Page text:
When a marriage that involves a child comes to an end through a divorce, the court will often encourage a custody arrangement where both parents are actively involved in the child’s upbringing. Handled properly, joint custody can help the child adjust to the new living arrangement through regular contact with both parents.
However, joint custody, just like other arrangements, comes with its share of challenges, especially if one parent disapproves of the arrangement. It is not uncommon for one parent to sideline the other while making decisions regarding the child’s upbringing.
Understanding parental roles in a joint custody arrangement
Joint custody, also known as shared custody, simply implies that both parents will have shared rights and responsibilities in deciding how they will raise the child after the divorce. These decisions are informed by the doctrine of the child’s best interests and are meant to safeguard their physical, mental and emotional well-being while ensuring that both parents provide the best possible care.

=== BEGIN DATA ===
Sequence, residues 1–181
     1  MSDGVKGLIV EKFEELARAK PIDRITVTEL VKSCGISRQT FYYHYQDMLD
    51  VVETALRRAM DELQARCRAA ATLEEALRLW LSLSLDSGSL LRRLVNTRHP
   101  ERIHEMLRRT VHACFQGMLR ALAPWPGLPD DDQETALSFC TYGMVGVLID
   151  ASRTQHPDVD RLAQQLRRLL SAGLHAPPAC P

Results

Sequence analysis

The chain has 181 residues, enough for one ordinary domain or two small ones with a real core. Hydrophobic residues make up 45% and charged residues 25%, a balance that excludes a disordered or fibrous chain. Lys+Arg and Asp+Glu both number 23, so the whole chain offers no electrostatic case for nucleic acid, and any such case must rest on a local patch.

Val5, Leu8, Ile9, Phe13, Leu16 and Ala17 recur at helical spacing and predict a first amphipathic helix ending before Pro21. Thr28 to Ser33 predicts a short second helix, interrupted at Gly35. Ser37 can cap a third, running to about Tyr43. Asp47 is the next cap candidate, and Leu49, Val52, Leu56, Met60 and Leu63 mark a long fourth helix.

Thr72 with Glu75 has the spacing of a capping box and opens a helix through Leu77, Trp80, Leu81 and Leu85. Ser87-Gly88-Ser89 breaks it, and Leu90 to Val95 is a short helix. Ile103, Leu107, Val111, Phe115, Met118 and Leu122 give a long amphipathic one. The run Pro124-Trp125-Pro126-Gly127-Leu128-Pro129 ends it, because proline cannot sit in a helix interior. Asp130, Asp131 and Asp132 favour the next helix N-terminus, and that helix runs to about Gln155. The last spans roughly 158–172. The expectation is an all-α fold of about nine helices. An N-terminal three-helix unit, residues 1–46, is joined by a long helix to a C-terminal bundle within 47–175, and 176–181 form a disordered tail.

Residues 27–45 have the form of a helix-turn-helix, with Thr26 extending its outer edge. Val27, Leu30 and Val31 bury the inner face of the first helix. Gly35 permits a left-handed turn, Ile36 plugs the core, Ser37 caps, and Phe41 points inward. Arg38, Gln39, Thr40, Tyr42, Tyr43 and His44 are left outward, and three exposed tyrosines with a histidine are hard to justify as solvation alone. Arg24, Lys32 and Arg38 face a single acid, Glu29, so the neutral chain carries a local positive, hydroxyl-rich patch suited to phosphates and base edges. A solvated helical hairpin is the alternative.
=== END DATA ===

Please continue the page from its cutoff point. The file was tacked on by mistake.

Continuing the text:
So how are decisions made in joint custody?
Both parents have a duty to provide, care and make joint decisions regarding their child’s well-being. Once the divorce is finalized, the following decision-making process should be observed unless otherwise specified by the court:
- Any significant and non-emergency decision has to be made upon consultation between the parents
- A parent can make ordinary day-to-day decisions concerning the child during the time they are with the child
In an event of an emergency, the parent with the child can make decisions independently. Upon making such decisions, the parent with the child is expected to inform the other parent within a reasonable timeframe.
Safeguarding your parental rights
Joint parenting can be stressful, especially if one spouse is not keen to comply with the existing custody order. Find out how you can safeguard your rights and interests while litigating your parenting and custody case.